12 things I've learned after driving an electric car 9000km | Auto Expert John Cadogan

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I’m about to clock over 9000km in the Hyundai Kona Electric EV. Here are the 12 things I’ve learned about using an electric car as my primary means of transport.

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I’ve learned not to worry about range or recharging - especially if you have off-street parking. It’s rare for me to drive more than 430 kays in a day, and that’s what the Kona EV delivers, fully charged. The onbord range estimation algorithm is dead accurate, too, so I know you can trust it.

I got a single-phase 32-amp charger installed. It’s weather-proof, and it’ll re-charge the Kona in about eight or nine hours - so even if you come home dead flat, you just sleep on it, and you’re fully charged again in the morning.

I know some of you are thinking ‘ seconds 0-100 is mediocre at best’. Yeah - it is - it’s middle of the road. But I don’t do that in traffic very often. Cuz I don’t want to immolate my licence.

You do, like, 0-40, 0-50, in traffic. That’s pretty common. And in that context, the Kona Electric is a weapon. To use one of my favourite things - a good ‘fart’ analogy. The Kona Electric is silent but deadly from 0-50.

Internal combustion is pretty compromised getting off the mark. It’s not something internal combustion does especially well. Just look at the engineering countermeasures in place to overcome this compromise.

The Kona just hooks up and goes - partly because electric motors make their peak torque at stall speed - like, zero rpm. So they’re already poised for peak performance just stopped at the lights. And partly because there’s a single-speed transmission, with no slip (such as from a clutch or a converter).

There’s no getting around this: Eco tyres are rubbish - from an owner’s point of view. Carmakers fit them because range is a big selling point and the low rolling resistance characteristics of eco tyres add a small amount of range in official tests.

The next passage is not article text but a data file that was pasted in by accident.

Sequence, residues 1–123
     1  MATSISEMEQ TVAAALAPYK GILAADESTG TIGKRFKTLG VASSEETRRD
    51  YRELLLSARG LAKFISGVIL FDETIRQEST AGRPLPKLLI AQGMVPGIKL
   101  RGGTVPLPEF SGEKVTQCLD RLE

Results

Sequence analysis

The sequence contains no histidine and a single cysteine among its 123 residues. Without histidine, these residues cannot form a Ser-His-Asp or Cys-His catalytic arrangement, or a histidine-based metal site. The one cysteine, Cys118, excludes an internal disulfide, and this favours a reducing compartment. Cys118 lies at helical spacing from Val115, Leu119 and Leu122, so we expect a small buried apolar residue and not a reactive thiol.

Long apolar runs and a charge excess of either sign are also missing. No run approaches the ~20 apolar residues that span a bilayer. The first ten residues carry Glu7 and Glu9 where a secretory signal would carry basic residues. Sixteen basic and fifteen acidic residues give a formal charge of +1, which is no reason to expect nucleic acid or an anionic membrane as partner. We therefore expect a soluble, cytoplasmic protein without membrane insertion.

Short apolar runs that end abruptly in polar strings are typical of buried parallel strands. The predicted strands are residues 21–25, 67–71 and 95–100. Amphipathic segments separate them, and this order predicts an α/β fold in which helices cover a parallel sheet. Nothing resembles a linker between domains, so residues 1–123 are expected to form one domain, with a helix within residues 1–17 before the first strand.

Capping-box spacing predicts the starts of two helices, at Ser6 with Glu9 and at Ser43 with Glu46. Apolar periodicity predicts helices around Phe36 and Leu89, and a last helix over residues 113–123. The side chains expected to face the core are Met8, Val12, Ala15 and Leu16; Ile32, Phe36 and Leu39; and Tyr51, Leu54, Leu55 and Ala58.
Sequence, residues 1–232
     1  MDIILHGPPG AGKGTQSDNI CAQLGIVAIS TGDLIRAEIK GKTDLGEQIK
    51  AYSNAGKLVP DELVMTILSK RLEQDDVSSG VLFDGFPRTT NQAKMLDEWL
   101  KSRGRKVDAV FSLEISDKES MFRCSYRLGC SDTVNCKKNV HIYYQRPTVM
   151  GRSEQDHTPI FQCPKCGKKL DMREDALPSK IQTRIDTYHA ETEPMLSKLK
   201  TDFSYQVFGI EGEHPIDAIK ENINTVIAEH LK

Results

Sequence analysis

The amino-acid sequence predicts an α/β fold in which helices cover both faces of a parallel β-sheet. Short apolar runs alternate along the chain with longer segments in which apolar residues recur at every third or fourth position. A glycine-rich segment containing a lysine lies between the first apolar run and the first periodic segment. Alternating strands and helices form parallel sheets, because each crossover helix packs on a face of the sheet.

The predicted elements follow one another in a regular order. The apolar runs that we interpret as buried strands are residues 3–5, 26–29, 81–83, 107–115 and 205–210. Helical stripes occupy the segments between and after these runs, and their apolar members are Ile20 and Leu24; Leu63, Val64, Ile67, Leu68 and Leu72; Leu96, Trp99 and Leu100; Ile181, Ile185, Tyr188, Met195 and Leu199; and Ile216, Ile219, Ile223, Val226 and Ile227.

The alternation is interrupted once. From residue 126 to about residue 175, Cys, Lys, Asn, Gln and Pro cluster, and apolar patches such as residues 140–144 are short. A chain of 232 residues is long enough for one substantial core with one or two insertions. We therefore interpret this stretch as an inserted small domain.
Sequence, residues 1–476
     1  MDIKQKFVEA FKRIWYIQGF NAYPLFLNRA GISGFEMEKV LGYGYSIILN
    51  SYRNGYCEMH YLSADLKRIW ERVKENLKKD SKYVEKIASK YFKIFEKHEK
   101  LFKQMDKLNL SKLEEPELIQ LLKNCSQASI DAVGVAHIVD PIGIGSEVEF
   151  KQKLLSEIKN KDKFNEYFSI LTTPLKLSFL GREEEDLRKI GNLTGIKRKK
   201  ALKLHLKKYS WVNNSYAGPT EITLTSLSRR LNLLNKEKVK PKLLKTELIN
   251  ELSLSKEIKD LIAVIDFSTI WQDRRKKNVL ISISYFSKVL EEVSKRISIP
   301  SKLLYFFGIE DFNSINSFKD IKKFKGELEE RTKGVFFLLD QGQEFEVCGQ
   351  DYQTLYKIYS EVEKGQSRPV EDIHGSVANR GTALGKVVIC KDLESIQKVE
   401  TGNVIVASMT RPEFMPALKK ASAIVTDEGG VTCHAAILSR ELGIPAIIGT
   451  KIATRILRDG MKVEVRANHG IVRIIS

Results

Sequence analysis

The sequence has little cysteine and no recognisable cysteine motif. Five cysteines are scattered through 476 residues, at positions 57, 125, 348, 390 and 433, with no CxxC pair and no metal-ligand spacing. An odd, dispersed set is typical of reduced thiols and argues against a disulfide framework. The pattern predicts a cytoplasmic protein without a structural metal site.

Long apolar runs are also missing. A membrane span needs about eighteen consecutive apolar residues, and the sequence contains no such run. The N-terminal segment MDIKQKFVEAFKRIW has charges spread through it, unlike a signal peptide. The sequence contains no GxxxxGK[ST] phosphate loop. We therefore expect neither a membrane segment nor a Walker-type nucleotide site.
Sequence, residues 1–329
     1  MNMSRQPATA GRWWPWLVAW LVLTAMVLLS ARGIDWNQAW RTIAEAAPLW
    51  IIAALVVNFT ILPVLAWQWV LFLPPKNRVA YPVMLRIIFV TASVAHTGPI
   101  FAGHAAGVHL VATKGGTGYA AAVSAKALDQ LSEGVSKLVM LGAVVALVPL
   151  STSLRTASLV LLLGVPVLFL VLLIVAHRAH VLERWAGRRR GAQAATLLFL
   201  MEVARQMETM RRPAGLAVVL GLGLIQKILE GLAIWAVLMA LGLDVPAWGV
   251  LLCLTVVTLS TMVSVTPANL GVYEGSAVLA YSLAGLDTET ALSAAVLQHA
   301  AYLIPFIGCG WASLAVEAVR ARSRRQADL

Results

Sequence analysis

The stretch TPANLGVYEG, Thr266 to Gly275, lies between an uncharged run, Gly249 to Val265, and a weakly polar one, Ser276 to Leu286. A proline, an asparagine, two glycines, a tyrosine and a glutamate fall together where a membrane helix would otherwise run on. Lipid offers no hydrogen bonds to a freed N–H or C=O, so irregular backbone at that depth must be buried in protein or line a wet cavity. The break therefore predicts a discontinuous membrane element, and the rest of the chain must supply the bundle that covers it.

Eco tyres are therefore great for the marketing department, but they’re lousy to drive on - especially in the wet. When I got the standard eco tyres changed over for a set of high performance Michelin Pilot Sport 4s, everything changed about that car’s dynamics.

The Kona just became a heap more composed - like, it’s less likely to lift the inside wheel and spin it if you nudge it hard out of a corner. It just hangs on better - especially in the wet. And it’s more predictable at the boundary of grip and slip - even though the threshold is higher.

On a stack of Superman comics (I’m an atheist - to me this is the same as a stack of Bibles) I can swear I didn’t think I’d enjoy driving an EV this much. That’s after changing the tyres.


I don’t miss re-fuelling. At all. I’ll never be nostalgic about that.

However, it’s a self-deluded fantasy to think that owning an EV means you’ve divorced hydrocarbons. That’s just you spending the big bucks to weaponize your confirmation bias. If you own an EV, you are just as dependent on hydrocarbons as some guy in a big, fat diesel 4X4.

If you took hydrocarbons from your life there would be no house to live in, no food in your nonexistent refrigerator, no clothes to wear, no pharmaceuticals, no steel to build the car from, and no roads to drive it on - among other things.

They’re called ‘facts’. You don’t have to like them.

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